Chinese digital Yuan can facilitate mass surveillance: Yuanjie Zhang

Chinese digital Yuan has been in the news all throughout 2019. And this year too, it is going to make headlines along with other prominent topics like Facebook’s Libra and Bitcoin’s price. While Chinese digital Yuan will serve many crucial purposes, it will also likely be a tool to circumvent global conventional financial systems. Now, that doesn’t sound positive for regulators worldwide.

Most authorities across the world are ramping up their efforts to bring virtual currencies under their surveillance. However, voices in the industry argue that China’s virtual Renminbi can also find use as a tool to beat conventional financial transaction surveillance mechanisms.

Chinese digital Yuan poses a threat to traditional finance

The founder of Conflux, YuanJie Zhang, has voiced serious concern about Chinese digital Yuan becoming a tool to monitor public transactions. At the same time, he agrees that the development and launch of state-backed digital currencies represent a paradigm shift in the global financial sector and presents a breakthrough opportunity for investors.

Money flow is largely controlled by commercial banks and private players like Tencent and Alibaba. The Chinese digital Yuan will, in a way, give monetary control back into the hands of Chinese authorities. People’s Bank of China can once again enjoy the custodian status. Virtual Yuan can circumvent the present monetary system where other world-powers enjoy hegemony.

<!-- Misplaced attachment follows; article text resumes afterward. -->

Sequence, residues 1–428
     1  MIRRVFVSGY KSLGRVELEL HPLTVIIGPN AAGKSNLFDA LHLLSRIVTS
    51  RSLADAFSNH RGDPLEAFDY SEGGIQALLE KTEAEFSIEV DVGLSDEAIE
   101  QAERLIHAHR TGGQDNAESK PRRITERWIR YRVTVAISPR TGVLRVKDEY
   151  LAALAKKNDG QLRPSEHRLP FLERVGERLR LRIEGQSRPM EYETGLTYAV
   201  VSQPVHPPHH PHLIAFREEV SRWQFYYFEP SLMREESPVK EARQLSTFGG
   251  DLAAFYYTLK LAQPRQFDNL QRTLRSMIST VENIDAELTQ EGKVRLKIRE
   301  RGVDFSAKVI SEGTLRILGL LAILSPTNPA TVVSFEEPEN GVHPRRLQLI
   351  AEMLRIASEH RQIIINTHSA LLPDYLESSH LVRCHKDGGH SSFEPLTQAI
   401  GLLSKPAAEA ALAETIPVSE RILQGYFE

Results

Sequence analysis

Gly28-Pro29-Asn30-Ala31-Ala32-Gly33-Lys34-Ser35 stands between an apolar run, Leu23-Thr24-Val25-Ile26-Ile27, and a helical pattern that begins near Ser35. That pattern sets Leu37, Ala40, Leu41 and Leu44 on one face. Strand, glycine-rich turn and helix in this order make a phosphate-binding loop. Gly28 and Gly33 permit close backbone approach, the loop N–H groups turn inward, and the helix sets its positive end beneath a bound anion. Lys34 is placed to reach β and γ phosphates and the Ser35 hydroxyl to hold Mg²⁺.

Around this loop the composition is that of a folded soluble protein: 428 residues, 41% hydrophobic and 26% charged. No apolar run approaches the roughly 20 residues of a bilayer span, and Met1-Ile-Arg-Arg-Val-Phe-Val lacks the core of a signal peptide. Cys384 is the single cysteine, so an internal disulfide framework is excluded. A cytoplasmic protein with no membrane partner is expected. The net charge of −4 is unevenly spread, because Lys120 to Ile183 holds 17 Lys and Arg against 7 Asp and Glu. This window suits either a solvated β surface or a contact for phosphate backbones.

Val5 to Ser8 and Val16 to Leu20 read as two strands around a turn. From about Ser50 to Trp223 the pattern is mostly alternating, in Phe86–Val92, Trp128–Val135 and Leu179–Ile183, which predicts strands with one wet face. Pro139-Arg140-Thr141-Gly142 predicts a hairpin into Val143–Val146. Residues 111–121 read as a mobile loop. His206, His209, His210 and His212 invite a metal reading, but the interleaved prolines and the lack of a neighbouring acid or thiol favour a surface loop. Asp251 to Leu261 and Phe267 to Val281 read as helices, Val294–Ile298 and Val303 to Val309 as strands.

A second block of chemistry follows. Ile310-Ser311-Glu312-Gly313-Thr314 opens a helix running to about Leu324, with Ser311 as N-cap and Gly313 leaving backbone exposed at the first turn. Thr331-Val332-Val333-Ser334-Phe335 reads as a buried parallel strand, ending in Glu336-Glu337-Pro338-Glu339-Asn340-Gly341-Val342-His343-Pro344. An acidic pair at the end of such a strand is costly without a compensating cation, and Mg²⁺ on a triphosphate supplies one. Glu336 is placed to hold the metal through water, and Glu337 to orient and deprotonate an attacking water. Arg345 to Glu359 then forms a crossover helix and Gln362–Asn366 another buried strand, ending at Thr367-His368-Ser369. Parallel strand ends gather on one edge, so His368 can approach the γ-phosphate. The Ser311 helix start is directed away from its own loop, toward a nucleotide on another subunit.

Digital Renminbi: Global dominance or global control

If Chinese digital Yuan reaches foreign shores and plays a dominant role in the global monetary field, it could very well become a reserve currency soon. Additionally, the same central bank digital currency can become a tool to monitor the transactions and ultimately help in mass surveillance. Even though it offers complete anonymity, the central bank can identify suspicious transactions through big data analysis.

Surveillance seems good from a security point of view. However, mass surveillance is akin to compromising the anonymity of the user. Such exploitation of technology can, in turn, promote the underground cash economy. Chang says that financial anonymity should not be exploited to target the general public.

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